Archived posting to the Leica Users Group, 1998/11/30

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Subject: [Leica] Bird Watching and Bird Pictures
From: Marc James Small <>
Date: Mon, 30 Nov 1998 19:58:45 -0500

As Roy Zartarian, Epic Lugger, will tell you, birds are quite elusive and
hard to locate.  When you find them, they seem to shy away from having
Large Tubular Objects such as camera lenses -- and rifles! -- pointed at
them.  This is what makes bird watching a real feast as well as a royal pain.

I visited the tidal flatlands of Virginia over Thanksgiving.  The weather
was supposed to be cloudy and dank, so I brought not my vaunted Leica
APO-Televid, foolish me.  But I did have a couple of Zeiss binoculars and
my trusted M6 set and, of course, the 2.8GX Rolleiflex.  

On Thursday, I was driving along the Colonial Parkway towards Yorktown when
I came upon a couple of Trumpeter Swans parked at one of the inlets -- the
one just north of King's Creek, and I cannot recall the name.  It is a
broad, barely briney estuary.  Two Swans, two Canadian Geese, one of the
Geese perched on a log and the others swimming about.  The Goose in the
water was defensive towards all comers -- and then my escort, the charming
Cyndi, noted that the Goose on the log had an oil-soaked wing and the other
was protecting it from both the Swans and Yrs. Trly.  

The Swans were playful -- they are not uncommon in the York and James
estuaries, but are normally quite skitterish about Outsiders, and only let
Humans, and other such folks, approach to within a hundred yards (yeah,
yeah, a hundred meters for the Imperially Challenged among our number, Ted)
or so.  These two were of a different bent.  They splashed, and preened,
and swam about, dove for food, and showed off some more.  They were
strutting their stuff.  

I had Kodachrome.  I had a Leica.  I had lenses, 1.4/35 to 4.8/280 (DAMN!
Why didn't I bring that 5/400!).  I shot a roll.  The Swans liked the
binoculars.  They loved the camera.  They showed off.  These guys were
Hollywood Hams if ever such existed.  It was warm, and sunny, and clear,
and they were in fine form.

The film is in the shaky hands of Kodak, who have never failed to process
Kodachrome for me promptly and well.  This shoot was a tough enough one, as
it can be terribly deceiving to shoot over water -- water is much darker
than it seems to the nekkid eye, and light meters do not always properly
register the ambient light.  But, my errors and Kodak's being there, I am
praying that THIS roll will come out.  

I have never seen anything like this before, and I used to live in this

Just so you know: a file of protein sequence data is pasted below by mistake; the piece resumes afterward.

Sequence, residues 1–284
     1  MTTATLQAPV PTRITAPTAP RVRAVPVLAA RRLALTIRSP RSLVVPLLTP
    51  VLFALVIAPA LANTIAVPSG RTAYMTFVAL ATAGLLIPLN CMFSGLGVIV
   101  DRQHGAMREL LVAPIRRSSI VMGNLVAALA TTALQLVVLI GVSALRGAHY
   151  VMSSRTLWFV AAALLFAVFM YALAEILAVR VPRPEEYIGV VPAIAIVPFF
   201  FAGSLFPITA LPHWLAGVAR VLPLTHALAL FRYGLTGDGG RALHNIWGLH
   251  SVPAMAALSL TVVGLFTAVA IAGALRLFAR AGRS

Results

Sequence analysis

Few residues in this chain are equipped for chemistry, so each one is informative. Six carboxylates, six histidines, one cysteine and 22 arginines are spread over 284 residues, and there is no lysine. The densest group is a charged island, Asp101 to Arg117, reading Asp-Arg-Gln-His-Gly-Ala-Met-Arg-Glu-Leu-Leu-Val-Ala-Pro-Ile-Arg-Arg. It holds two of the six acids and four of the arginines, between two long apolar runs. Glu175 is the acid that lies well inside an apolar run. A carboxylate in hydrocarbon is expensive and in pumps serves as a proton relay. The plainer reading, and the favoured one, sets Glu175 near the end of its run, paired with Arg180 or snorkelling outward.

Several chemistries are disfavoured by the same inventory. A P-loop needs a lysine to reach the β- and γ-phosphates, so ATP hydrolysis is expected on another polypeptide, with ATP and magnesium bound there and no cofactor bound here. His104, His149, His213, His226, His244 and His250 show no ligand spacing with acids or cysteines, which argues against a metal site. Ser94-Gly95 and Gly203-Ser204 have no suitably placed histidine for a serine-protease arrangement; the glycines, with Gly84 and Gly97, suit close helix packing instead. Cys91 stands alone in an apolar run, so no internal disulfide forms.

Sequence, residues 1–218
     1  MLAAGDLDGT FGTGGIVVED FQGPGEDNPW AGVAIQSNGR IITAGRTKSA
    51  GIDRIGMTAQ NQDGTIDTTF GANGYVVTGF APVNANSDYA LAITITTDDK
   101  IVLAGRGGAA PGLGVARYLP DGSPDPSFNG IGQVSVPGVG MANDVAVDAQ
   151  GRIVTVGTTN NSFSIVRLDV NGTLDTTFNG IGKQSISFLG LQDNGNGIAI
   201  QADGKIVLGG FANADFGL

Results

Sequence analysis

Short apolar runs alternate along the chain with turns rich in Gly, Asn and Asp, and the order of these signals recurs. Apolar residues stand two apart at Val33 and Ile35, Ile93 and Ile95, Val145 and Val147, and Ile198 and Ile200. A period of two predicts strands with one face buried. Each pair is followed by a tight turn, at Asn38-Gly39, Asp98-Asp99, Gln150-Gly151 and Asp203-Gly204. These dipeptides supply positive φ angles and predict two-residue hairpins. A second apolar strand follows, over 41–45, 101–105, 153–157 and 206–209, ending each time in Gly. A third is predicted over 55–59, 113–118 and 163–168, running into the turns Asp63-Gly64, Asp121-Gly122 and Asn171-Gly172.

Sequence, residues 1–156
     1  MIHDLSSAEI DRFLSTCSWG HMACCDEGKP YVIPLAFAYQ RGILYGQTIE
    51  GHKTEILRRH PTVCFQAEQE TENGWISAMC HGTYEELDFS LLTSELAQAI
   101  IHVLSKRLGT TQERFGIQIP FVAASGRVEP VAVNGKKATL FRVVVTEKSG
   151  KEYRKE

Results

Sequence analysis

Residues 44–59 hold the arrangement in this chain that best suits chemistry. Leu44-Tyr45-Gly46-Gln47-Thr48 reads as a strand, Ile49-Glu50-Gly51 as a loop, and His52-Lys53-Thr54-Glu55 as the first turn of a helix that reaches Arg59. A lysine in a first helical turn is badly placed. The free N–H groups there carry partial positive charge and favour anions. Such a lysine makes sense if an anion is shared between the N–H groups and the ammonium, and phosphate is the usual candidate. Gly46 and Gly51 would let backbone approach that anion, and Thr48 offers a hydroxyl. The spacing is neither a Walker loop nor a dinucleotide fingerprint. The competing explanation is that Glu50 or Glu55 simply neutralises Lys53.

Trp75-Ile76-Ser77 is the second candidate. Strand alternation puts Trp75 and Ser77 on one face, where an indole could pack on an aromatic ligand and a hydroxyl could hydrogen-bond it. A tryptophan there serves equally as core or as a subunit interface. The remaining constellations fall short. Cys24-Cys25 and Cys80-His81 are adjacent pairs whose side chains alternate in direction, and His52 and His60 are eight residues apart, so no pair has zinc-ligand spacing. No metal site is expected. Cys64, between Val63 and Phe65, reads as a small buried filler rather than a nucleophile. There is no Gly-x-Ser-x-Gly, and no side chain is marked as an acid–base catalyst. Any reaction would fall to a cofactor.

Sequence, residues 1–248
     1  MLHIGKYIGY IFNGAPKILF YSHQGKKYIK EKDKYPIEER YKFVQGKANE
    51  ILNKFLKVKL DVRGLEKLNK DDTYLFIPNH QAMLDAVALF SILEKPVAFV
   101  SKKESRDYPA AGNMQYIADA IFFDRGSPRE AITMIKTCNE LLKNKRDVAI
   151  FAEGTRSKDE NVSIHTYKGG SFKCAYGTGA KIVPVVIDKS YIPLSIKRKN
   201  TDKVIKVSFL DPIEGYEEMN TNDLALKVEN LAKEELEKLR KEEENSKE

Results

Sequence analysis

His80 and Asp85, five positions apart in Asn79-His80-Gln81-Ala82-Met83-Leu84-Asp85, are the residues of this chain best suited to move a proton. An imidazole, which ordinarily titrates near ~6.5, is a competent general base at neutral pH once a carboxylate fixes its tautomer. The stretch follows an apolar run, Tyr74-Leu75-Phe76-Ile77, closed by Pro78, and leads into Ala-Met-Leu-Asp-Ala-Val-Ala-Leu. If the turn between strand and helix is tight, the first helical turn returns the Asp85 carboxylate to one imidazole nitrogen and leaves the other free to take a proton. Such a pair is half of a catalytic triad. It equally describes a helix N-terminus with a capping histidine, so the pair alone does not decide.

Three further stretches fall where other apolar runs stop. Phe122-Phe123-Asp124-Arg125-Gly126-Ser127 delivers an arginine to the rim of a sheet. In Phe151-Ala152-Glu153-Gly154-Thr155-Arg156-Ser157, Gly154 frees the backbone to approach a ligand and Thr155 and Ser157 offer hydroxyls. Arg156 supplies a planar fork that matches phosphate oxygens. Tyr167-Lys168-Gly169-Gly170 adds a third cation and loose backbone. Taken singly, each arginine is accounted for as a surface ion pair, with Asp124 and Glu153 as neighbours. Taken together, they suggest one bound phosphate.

neck of the woods, back in my poor student days.  The Charming Cyndi was
quite upset about the Goose's wing until I assured her that either the wing
would, eventually, dry itself -- the bird WAS dipping it occasionally -- or
the Park Police would grab the bird and clean it off.  (Yes, they DO do
this, one of those environmentally friendly services which even the worst
gummits occasionally are caught commiting.)

And then the Charming Cyndi and I took a ferry ride from Jamestown to
Surrey to get some Peanut Soup at the Surrey House, a rare and delicate
Virginia treat (Oh, you poor westerners!  You deprived Canadians!  Yes,
Campbell's DOES make a "peanut" soup, but, trust me, the Gwaltney's make it
a work of art.)  Cyndi happens to have a sea-captain's license (I DO date
some fascinating women!), so her commentary, tart at times, over the
boat-driving was a bit fascinating.  But the Gulls flocked all about, and I
shot those with PPF (Kodak Pro 400), and those DID come out -- I even
entrusted these to the tender mercies of my local pro lab, and they came
out most wonderfully.  Gulls, and wake, and a golden sunset.

It was a day from heaven, for me as a photographer and for me as an avian
enquirer.  (No, no, guys!  Cyndi SAID she had a good time, but men never
know:  after all, she IS a Contaflex photographer!)  And the day was topped
with a wonderful dinner, sans photographs, at the Williamsburg Inn, replete
with Beef Wellington and a rather interesting Chilean Merlot.

I wish I had brought my Televid.  Hell -- I wish I'd had my Klepper Aerius
along.  These birds were in the mood to play around a bit, and it would
have been a blast to have been able to join in their antics.

Marc  FAX:  +540/343-7315
Cha robh bas fir gun ghras fir!